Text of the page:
Louis Zamperini was a troublemaker with far too much energy as a boy, spending quite a bit of his time causing trouble and then "running like mad". Thanks to his older brother, when he was in high school, he transferred that energy to running, becoming the youngest person at age 19 to make the Olympic 5000 meter track team in 1936. After the U.S. joined World War II, Louis got drafted into the Army Air Corps, trained as a bombardier in a B-24 and was stationed in the Pacific theater. During a search and rescue mission, the B-24 he was flying in crashed into the Pacific ocean. Only three people survived to clamber into two life rafts lashed together. Fighting through insane adversity with ingenuity and optimism, two of the three managed to survive, eventually drifting over 2000 miles across the Pacific to reach the Marshall Islands. Problem was, the Marshall Islands were in Japanese hands at the time and the two survivors were promptly captured and shipped off to a series of Japanese POW camps.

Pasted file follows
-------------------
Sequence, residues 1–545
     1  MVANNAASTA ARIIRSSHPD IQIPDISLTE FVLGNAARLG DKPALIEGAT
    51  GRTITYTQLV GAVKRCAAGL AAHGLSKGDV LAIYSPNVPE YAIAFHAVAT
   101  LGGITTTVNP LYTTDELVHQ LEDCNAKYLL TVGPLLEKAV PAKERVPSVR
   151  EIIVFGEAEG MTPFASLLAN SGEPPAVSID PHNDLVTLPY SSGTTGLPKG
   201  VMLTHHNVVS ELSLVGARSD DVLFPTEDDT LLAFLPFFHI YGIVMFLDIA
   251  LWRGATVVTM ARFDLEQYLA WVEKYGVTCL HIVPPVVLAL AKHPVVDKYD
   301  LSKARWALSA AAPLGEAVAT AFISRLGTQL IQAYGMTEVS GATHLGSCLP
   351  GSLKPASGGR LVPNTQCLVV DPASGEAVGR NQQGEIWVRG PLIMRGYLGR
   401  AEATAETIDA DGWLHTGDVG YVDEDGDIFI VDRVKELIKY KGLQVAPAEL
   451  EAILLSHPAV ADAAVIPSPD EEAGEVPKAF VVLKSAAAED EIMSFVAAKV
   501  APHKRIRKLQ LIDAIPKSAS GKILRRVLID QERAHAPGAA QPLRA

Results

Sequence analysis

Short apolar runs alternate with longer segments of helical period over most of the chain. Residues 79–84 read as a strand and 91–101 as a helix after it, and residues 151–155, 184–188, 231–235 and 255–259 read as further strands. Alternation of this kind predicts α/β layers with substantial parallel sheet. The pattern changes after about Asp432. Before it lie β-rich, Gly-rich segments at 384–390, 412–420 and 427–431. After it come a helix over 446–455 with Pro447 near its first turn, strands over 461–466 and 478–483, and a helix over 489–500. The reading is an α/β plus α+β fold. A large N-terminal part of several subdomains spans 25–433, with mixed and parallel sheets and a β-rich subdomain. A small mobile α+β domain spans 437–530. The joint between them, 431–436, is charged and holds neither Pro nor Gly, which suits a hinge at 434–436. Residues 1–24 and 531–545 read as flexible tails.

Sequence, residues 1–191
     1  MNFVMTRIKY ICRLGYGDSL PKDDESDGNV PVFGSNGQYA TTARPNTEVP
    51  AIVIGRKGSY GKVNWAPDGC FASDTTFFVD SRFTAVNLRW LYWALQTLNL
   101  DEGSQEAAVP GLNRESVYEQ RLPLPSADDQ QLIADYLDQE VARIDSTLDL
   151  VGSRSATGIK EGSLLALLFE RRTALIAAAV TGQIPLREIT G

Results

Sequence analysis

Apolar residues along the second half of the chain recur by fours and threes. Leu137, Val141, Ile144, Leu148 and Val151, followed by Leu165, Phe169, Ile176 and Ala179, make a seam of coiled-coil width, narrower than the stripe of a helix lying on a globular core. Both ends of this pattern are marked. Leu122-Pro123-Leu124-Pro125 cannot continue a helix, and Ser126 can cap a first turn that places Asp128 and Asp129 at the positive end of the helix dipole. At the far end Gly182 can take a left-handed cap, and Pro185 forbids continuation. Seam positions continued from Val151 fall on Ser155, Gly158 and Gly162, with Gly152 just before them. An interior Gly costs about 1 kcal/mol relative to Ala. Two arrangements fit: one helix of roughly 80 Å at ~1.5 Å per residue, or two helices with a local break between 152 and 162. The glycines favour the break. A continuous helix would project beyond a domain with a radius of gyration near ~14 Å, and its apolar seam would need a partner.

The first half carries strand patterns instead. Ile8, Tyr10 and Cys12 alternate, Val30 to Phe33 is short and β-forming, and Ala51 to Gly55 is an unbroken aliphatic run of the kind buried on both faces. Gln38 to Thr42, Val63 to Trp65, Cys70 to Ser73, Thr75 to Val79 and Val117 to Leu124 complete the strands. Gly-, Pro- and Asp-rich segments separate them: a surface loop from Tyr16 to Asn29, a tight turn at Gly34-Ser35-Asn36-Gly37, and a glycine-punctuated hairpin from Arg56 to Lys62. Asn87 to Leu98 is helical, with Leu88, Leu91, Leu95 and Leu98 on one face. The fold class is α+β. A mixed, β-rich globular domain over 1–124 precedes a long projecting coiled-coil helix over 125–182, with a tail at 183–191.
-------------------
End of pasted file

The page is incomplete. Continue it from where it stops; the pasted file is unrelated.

Honestly, until I read this book, I had no idea what captured soldiers had to endure in the Japanese camps. I had heard something of the situation, of course, but this opened my eyes in whole new ways to what those men were forced to experience. The title is truly an appropriate one: survival, resilience and redemption is precisely what this book portrays. This book is PG-13 due to bad language, violence, and descriptions of deprivation, abuse, and hate. But it also has forgiveness, love, and renewed life. I read this and was touched by how a human soul can be forced through the depths of hell and, with God's help, come through it unbroken.